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New EU directive aims to close gender pay gaps with mandatory reporting

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UK leads the way with maternity pay

Data from EDGE Certified Foundation provides an overview of the legislative landscape relating to Diversity, Equality and Inclusion (DE&I) in certain countries, shedding light on the progress made as well as pinpointing areas to be improved.

EDGE Certified Foundation has published the EquiNations DE&I legislative overview of the top 20 countries – based on the highest number of current EDGE Certifications; including the UK, USA, Australia, Brazil, Canada and China.

The EquiNations research shows that the vast majority of the 20 researched countries have implemented legislation to safeguard against discrimination in employment based on gender, race/ethnicity, nationality, LGBTQ+ identity, age, or working with a disability.

Certain jurisdictions have progressed beyond the legislative recognition of the importance of eradicating all kinds of discrimination in the workplace, and have taken a proactive approach by implementing, for example, hiring quotas for people with disabilities and workplace accessibility requirements, by setting paid maternity and paternity leave above the recommended level of the International Labor Organization (ILO), or by mandating recurrent pay gap reporting, aiming to manage and eventually close the gender pay gap.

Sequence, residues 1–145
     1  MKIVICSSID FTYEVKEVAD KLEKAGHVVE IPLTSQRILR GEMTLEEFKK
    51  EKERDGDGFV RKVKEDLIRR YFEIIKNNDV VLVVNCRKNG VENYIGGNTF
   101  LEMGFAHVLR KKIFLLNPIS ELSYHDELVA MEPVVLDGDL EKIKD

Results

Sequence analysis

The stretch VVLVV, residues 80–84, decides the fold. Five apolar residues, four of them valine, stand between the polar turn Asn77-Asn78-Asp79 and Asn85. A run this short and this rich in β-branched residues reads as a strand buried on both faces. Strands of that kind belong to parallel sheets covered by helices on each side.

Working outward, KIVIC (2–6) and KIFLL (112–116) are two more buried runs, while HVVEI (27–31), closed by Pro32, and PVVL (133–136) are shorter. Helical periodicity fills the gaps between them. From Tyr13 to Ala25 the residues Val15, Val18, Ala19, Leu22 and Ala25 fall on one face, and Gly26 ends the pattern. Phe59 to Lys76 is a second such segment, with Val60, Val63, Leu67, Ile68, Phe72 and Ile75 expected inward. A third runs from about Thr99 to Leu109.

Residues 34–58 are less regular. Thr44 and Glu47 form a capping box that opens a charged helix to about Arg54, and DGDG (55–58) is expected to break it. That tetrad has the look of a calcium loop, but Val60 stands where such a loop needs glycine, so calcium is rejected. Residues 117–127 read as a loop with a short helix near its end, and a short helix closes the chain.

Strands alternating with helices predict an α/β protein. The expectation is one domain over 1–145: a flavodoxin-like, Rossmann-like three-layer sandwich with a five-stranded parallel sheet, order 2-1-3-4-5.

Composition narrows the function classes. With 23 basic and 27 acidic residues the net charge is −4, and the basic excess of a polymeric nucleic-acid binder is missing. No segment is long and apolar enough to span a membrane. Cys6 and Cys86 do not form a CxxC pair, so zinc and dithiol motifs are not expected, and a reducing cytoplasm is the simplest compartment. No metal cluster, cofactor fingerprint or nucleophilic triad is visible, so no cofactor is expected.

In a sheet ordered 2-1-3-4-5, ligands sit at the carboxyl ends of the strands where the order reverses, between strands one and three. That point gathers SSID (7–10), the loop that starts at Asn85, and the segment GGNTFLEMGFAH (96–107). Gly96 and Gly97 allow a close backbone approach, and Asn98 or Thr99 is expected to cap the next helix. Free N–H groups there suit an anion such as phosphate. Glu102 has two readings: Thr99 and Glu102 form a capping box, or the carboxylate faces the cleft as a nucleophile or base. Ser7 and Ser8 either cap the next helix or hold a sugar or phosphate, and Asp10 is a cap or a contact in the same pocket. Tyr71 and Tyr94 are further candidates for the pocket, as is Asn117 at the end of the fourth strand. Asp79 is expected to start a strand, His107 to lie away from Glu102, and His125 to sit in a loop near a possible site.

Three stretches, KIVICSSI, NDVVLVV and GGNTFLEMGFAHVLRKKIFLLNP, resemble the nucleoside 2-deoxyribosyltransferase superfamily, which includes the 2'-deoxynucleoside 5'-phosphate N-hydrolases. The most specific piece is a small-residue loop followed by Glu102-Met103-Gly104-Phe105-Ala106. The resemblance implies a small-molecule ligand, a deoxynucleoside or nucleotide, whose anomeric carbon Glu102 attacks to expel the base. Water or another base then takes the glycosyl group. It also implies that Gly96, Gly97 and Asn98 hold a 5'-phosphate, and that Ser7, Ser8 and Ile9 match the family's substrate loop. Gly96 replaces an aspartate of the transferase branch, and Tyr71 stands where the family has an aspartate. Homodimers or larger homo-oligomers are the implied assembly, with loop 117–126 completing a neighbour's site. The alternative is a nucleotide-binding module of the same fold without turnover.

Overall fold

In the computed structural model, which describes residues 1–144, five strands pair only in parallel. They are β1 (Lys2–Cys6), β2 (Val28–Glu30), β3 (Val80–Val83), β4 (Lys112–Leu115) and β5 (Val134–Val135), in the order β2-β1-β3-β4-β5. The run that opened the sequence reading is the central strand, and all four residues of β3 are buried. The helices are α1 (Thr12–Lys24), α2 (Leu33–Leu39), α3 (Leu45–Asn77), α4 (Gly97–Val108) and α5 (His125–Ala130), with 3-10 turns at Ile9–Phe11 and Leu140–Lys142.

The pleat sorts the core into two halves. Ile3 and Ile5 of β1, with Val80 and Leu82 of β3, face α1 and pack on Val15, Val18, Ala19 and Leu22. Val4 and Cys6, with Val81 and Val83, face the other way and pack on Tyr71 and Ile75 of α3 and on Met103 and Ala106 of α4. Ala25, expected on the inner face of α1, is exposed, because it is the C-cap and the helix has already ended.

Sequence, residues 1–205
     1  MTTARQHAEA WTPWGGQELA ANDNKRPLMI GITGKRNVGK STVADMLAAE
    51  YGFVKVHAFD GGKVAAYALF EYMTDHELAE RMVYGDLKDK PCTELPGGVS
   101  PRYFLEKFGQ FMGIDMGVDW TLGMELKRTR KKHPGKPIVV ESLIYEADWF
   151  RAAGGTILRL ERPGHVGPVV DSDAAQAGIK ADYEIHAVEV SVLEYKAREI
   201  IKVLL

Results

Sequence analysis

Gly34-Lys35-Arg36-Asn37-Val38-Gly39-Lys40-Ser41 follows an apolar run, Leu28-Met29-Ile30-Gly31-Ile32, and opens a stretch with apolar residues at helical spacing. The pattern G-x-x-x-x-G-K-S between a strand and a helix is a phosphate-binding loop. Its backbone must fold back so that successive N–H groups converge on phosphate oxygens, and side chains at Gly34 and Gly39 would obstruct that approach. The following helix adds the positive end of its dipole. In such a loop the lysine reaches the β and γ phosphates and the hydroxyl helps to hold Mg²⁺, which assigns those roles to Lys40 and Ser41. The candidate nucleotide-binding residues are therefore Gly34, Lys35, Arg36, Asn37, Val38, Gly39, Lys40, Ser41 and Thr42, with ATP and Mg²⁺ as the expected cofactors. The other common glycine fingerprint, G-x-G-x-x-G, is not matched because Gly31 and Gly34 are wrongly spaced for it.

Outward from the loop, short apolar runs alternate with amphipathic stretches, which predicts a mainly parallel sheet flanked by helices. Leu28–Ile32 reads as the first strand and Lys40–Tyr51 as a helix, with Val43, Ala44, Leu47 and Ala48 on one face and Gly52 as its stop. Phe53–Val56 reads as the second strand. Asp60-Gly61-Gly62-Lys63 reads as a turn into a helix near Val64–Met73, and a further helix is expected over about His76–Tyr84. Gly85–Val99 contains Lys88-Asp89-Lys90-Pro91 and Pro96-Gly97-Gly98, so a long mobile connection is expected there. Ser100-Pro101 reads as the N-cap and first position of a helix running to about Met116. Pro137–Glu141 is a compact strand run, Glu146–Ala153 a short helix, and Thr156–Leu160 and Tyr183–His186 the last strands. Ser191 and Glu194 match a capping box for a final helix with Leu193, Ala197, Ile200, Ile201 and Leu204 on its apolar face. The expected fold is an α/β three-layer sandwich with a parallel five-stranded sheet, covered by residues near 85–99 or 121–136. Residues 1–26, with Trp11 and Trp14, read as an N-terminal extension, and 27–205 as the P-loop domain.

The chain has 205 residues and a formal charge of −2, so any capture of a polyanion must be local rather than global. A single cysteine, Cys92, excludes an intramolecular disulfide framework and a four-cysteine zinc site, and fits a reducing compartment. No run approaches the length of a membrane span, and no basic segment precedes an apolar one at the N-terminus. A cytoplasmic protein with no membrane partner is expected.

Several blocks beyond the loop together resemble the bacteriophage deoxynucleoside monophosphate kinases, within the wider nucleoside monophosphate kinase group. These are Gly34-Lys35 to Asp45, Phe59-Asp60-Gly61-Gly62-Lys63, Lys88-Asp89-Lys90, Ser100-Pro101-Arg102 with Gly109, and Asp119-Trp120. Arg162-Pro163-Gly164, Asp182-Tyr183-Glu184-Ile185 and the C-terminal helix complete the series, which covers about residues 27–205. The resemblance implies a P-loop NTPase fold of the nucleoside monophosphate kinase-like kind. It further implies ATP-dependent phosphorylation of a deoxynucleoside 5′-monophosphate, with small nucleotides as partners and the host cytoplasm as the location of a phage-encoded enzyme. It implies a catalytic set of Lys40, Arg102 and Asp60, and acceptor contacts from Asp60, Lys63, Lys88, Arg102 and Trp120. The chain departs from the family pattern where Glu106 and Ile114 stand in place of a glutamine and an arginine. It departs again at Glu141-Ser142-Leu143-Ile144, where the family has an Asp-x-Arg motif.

Key findings from the EquiNations research cite that the majority of countries examined have implemented hiring quotas for individuals with disabilities, with exceptions including the US, UK, Switzerland, Canada, Mexico, and Australia.​

Most countries analysed have legislation against LGBTQ+ employment discrimination already in place, but less than half of the countries have implemented legislation to ensure gender quotas on company boards.​

The UK leads the way with the highest amount of paid maternity leave (in weeks), with 39, while the USA has the lowest by offering no paid maternity leave. Germany has the highest employment rate for individuals aged 55-64, standing at 73.69%. Whereas, Romania has the lowest rate at 48.4%.​

The EDGE Certified organisations within these nations are setting important benchmarks within their national contexts, by committing to measure where they are in their DE&I journey and to progress on their path to workplace gender and intersectional equity. Such organisations can serve to inspire other employers within their jurisdictions to follow suit by adopting best practices, engaging with their employees and stakeholders, and seeking out the diverse perspectives and experiences that are indispensable for achieving true inclusivity.

 Aniela Unguresan, Founder of EDGE Certified Foundation, said: “Organisations looking to adopt DE&I policies and practices for their workplaces need to understand how local legislation and regulation impacts the workplace, and where there may be areas to go beyond regulation to support long-term sustainable value creation in the DE&I area. We can see that all the countries in the top 20 list by number of current EDGE Certifications have made great progress in promoting DE&I nationally, by enacting certain anti-discrimination laws and labour protections.”

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